Pressure Canning Your Own Black-Eyed Peas

Updated on May 17, 2018
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Victoria is a stay-at-home mom, author, blogger at Healthy at Home, and educator. She currently lives in Colorado with her family.

Pressure Canning Black-Eyed Peas
Pressure Canning Black-Eyed Peas | Source
5 stars from 1 rating of Pressure Canned Black-Eyed Peas

I am absolutely crazy about canning! But I'm even more crazy about providing my family with good, nutritious food. What I love about canning my own food is that I know what ingredients are going into each and every jar. For instance, when I pressure can my black-eyed peas, it's literally just black-eyed peas that I soaked in a large pot of water the night before, a small amount of pink Himalayan salt, and boiling water. There are never any chemicals, preservatives, or man-made ingredients. They are beans, natural salt, and water—and, boy, are they delicious.

In fact, everything I can tastes exactly like its supposed to. My canned pineapple looks and tastes like fresh-cut pineapple. My canned corn was cut straight from the cobs of organic sweet corn from Sprouts. It's bright yellow, crunchy, and extremely sweet straight out of the jars. Once again, I only put corn, Himalayan salt, and boiling water in my jars. My applesauce is just chopped up apples cooked in a crockpot all day, blended and poured into jars. They have no sugar, no salt, or any other ingredients.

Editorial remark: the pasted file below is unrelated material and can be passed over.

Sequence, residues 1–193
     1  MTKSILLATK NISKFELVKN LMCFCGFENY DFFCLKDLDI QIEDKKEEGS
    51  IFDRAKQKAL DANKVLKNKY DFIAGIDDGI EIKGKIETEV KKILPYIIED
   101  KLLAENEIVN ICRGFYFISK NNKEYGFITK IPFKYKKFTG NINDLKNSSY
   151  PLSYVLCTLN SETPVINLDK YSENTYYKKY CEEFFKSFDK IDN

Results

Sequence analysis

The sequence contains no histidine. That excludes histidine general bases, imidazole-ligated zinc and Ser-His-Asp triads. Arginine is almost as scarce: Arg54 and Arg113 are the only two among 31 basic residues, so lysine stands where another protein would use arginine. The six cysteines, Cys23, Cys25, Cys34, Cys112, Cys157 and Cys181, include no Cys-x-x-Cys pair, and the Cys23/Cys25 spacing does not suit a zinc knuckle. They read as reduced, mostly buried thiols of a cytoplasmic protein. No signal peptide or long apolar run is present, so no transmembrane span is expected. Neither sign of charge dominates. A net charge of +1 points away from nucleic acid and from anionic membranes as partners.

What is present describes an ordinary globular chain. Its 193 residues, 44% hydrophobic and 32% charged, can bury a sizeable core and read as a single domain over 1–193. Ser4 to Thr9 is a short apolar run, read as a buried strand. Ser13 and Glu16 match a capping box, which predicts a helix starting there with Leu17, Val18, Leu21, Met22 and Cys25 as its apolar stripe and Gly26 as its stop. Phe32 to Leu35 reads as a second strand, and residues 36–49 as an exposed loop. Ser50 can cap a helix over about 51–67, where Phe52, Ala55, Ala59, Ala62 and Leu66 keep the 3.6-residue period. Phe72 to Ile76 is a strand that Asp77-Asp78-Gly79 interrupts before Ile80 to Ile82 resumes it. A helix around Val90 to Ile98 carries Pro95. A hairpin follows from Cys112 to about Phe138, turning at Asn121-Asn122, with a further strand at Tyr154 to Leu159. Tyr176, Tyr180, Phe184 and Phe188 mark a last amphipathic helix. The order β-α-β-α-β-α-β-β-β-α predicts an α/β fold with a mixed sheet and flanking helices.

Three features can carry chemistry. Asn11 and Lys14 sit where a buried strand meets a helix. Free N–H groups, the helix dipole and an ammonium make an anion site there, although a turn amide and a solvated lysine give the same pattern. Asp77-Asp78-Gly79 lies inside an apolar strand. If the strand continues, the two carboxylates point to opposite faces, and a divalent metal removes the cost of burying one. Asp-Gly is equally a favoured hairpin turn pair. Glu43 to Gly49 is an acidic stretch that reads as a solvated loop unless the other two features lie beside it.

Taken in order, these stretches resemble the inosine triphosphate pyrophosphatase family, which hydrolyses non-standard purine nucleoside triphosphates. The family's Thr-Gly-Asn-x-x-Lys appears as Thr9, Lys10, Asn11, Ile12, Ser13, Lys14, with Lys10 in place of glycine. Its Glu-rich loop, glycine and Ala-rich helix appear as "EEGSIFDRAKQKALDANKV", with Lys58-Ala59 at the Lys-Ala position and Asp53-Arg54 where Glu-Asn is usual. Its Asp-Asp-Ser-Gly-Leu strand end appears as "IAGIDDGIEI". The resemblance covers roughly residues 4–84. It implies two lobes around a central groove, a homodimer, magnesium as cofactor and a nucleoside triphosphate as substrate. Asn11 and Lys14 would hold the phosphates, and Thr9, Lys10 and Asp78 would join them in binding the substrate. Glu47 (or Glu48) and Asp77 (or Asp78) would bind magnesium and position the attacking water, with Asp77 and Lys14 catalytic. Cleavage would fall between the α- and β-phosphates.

Not only can I provide a healthier, better-tasting food option for my family by canning, but I really enjoy doing it as well. I get a strong sense of satisfaction being productive, doing something for my family, and getting to know that we are enjoying food every night that I made with my two hands. And then I get to teach my children how to do the same for themselves. My oldest little boy has been helping me can ever since he could stand in a chair beside me. You'll see his pictures in a variety of my canning tutorials because I'm hard pressed to keep him from helping. Let me show you how easy it can be.

Cook Time

Prep time: 13 hours
Cook time: 1 hour 15 min
Ready in: 14 hours 15 min
Yields: 9 pints of black-eyed peas each round

Ingredients

  • 2 lbs dried black-eyed peas
  • 4.5 teaspoons pink Himalayan salt
  • about 9 cups boiling water

Instructions

  1. Soak beans overnight in water. Refill when needed.
  2. Rinse beans and set up your canning station.
  3. You'll need a pressure canner, a pot of boiling water, a spoon, 9 pint jars, 9 lids, and 9 rings, and your canning supplies.
  4. Fill each jar with your soaked, rinsed beans, just to the bottom of the neck of each jar.
  5. Add 1/2 teaspoon of salt to each jar.
  6. Fill jars to the bottom of the neck of each jar with boiling water.
  7. Release air bubbles in each jar and refill as needed with water.
  8. Wipe the rims with a damp washcloth.
  9. Put a lid on each jar.
  10. Put a ring on each jar, tightening only until you feel the slightest resistance.
  11. Add jars to canner. Your canner will need 3 quarts of water in the bottom.
  12. Put on the lid and lock it into place. Turn the heat on your stove to high just below the very highest setting.